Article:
Home Sweet Home
Habitat for Humanity of Ouachita ReStore Helps Change Lives
by Angela Genusa
Need a new door to replace that your old one? A porcelain sink for the bathroom? A computer desk that’s as good as new? Or perhaps just some kitchenware at bargain prices? Habitat for Humanity of Ouachita ReStore may have just what you’re looking for. The local ReStore, which is already open to the public for shopping, will celebrate its grand opening on Friday, March 14, at 11 a.m. with a ribbon cutting by the Monroe Chamber of Commerce at the store at 2308 Washington St. in Monroe.
The nonprofit home improvement store and donation center sells new and gently used items, such as furniture, home accessories, building materials and appliances to the public at a fraction of the retail price. The ReStore focuses on home improvement goods donated by manufacturers, distributors, dealers and residents. And by shopping and donating to the ReStore, you are supporting a good cause: All proceeds from sales go to Habitat of Humanity of Ouachita, which makes home ownership affordable for low-income residents of the parish.
“The mission of the ReStore is to further the ministry of Habitat for Humanity,” said Larry Head, executive director of the
Habitat for Humanity of Ouachita ReStore. “We do that by providing additional funding through the sale of merchandise so that Habitat for Humanity of Ouachita, Inc.—a nonprofit Christian housing ministry that seeks to eliminate poverty and substandard housing—can achieve its goals.” Habitat for Humanity is not a giveaway program, Head said. Houses are sold to partner families at no profit, financed with affordable, no-interest loans. Mortgage payments are used to build still more Habitat homes.
Since becoming an affiliate of Habitat for Humanity International in 1994, Habitat for Humanity of Ouachita has built 49 houses for people in Ouachita Parish, counting homes in Monroe, West Monroe and Sterlington, Head said. The 49 homes provide safe, affordable shelter for 161 people (116 of whom are children). The business plan of the ReStore calls for generating enough funds from its sales to fund the building of one additional house every year.
The funds generated by sales at the ReStore go toward building homes for people like Lynn Sherman of Monroe. Sherman helped build her own home and move into it in March 2009 with Habitat of Humanity of Ouachita’s assistance. The working mother of four sons had been renting a house that had been damaged by a fire, but never repaired. Her application was approved in 2008. “I’ll never forget the night I found out I was getting my own home. I was in the beauty shop getting my hair done. I jumped straight up out of that chair I was so excited.”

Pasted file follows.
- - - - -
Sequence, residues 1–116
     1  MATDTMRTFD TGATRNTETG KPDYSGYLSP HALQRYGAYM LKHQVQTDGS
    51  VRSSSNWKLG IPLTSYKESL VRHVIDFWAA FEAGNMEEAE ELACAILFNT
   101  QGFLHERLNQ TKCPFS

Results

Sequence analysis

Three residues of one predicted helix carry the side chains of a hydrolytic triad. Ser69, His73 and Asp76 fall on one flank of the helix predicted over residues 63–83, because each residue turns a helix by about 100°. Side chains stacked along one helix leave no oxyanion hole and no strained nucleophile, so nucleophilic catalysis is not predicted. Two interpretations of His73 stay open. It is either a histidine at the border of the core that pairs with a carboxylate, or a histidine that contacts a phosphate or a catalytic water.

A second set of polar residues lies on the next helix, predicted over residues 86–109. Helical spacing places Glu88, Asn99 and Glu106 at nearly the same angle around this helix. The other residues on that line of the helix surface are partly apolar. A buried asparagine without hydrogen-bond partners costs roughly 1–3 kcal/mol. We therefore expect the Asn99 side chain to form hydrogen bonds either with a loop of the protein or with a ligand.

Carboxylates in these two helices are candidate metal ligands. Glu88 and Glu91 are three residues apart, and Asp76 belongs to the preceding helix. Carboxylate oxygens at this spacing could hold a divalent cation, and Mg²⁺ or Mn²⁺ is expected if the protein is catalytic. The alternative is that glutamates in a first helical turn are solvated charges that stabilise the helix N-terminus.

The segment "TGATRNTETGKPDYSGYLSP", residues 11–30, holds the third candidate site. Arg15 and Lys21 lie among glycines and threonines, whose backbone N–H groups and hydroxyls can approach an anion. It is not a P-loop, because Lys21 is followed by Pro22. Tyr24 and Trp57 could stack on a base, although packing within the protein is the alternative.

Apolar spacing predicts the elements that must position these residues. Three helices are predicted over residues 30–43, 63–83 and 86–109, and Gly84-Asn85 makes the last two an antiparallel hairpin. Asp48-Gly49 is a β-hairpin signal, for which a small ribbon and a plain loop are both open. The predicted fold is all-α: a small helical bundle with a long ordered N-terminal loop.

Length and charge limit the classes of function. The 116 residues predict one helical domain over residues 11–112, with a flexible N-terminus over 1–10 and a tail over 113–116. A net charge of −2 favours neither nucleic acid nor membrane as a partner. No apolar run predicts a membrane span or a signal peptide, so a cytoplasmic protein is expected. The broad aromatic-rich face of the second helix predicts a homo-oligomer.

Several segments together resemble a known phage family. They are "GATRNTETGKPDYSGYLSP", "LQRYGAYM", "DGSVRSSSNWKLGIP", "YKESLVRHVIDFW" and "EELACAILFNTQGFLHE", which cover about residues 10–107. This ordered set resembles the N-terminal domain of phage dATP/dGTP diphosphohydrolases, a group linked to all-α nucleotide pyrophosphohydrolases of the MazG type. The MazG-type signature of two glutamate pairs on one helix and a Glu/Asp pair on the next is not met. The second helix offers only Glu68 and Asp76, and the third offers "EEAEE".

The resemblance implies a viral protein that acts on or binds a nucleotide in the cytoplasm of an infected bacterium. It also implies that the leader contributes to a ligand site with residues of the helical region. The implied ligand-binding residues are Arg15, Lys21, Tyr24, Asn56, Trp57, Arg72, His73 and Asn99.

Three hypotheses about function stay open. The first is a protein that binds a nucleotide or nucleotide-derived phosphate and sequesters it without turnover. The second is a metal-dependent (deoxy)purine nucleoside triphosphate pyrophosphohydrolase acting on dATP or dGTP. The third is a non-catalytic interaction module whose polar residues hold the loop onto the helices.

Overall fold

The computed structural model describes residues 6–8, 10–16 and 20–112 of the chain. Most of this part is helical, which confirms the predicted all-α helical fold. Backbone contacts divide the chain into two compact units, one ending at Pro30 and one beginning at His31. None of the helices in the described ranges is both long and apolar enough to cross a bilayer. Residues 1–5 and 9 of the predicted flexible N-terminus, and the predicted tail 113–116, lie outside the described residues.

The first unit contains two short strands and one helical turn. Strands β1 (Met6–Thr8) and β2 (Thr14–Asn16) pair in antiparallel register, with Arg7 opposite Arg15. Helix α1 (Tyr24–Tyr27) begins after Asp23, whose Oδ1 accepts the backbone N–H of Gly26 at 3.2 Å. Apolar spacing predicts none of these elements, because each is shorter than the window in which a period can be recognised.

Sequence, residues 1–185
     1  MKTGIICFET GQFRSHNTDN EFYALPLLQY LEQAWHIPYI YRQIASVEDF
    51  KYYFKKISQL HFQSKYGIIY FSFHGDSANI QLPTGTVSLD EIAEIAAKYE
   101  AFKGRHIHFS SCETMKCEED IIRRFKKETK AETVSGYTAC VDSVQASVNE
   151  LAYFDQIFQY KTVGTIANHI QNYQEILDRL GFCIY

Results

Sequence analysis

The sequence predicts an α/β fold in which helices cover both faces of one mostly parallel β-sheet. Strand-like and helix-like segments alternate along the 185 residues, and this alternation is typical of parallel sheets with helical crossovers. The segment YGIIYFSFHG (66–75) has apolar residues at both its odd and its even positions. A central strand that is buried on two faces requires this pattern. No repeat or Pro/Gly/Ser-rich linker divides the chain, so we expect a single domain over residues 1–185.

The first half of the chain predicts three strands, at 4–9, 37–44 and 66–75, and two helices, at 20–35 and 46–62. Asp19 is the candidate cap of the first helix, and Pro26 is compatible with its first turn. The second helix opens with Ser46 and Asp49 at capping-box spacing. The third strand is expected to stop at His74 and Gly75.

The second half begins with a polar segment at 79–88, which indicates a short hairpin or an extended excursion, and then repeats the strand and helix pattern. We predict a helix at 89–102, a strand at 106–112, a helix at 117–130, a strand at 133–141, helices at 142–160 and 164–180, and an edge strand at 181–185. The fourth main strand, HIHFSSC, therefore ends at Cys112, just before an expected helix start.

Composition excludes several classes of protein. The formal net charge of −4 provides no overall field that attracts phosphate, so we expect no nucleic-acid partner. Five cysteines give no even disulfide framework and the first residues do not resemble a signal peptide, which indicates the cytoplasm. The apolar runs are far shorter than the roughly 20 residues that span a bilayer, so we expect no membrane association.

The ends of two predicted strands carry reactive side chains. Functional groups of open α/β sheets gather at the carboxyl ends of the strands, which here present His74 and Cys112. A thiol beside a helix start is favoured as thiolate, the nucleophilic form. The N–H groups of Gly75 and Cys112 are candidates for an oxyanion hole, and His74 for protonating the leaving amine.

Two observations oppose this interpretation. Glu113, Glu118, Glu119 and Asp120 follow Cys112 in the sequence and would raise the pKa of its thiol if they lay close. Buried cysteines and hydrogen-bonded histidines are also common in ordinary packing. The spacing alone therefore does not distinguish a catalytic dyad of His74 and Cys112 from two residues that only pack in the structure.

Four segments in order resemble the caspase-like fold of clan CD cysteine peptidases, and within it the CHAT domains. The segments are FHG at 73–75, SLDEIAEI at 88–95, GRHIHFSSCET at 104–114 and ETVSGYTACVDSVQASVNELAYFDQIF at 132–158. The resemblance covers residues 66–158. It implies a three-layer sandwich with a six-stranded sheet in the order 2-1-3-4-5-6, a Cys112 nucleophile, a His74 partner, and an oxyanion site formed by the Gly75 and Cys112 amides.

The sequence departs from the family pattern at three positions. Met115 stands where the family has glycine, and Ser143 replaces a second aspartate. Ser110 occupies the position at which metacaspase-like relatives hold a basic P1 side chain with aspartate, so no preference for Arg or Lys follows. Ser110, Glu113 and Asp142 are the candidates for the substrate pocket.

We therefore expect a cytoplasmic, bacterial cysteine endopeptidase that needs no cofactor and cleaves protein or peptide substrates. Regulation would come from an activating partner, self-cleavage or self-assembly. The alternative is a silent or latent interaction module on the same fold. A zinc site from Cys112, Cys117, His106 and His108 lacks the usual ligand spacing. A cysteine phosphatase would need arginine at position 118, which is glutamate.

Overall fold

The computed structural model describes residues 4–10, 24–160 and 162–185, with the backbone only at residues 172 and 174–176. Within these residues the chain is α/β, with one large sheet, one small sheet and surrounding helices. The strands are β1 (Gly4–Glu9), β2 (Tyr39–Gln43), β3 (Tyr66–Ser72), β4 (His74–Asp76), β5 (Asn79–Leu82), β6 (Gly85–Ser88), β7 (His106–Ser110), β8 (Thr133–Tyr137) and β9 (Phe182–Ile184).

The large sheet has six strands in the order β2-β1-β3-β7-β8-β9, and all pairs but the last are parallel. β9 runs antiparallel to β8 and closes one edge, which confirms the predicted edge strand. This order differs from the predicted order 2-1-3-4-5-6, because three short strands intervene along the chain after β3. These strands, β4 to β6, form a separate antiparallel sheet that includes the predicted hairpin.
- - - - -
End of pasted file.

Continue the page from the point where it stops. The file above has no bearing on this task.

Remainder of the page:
A person must meet four basic criteria to apply: 1) be a northeast Louisiana resident for 6 months; 2) have a housing need; 3) have the ability to pay (with minimum and maximum income guidelines); and 4) invest “sweat equity” in the house and partner with Habitat for Humanity of Ouachita. “We require that the individual or family has to help build their house and other folks’ houses and work within the spirit of the program and with the staff,” he said.
The benefits of home ownership to both residents and communities are well-documented, Head said. “For low-income families, the benefits are much more empowering than for others who are more fortunate,” he said. “One of the biggest benefits of home ownership is improved childhood outcomes. For low-income families, opportunities are not as widespread as for others. Renters tend to move around more than homeowners, and if you have kids you move them from one school or from one class to another. Iin general, you’re not as transient and you have that stability.”
Head said home ownership also leads to more involvement and activity in the community and in local neighborhoods, such as in church and school. It also boosts the local economy, Head said, by adding to the tax base for the city and the parish. Homeowners also buy materials to repair their houses, furnishings and other goods. Home ownership is a good deal for all involved, Head said.
Sherman agrees. “Having my own home changed my life tremendously,” she said. “Since I’ve been living in this house, I am more content, more satisfied.” Sherman said she helps take care of the neighborhood, by doing things like mowing an empty lot next to her house. “It’s nice and quiet here; I sleep good. I’m at peace here.”
Not only did home ownership change Sherman’s life, it transformed the lives of her sons, now 18, 21, 22 and 24. Two of them have graduated from college, one is in the military and the youngest is now enrolled at Grambling State University in Ruston. “They have a home to come to and it makes a difference to them,” Sherman said. “They still have their rooms with all their medals, trophies, everything. And they are so happy that they have somewhere to call home.”
Sherman sums up the ministry of Habitat for Humanity of Ouachita nicely: “It’s a blessing to have something that you can call your own home.
Habitat for Humanity of Ouachita ReStore is located at 2308 Washington St in Monroe, LA, 71201, (318) 737-1112. Store hours are 9 a.m.-5:30 p.m. Thursday and Friday, and from 9 a.m.-3:30 p.m. Saturday. ReStore currently needs prayers, donations, volunteers and customers. The following volunteer positions are available: cashiers, show room salespersons, donations pickup/processing and warehouse attendants. For more information, call the store or see its web site at http://www.hfho.org/restore/index.php or on Facebook at http://www.facebook.com/monroerestore.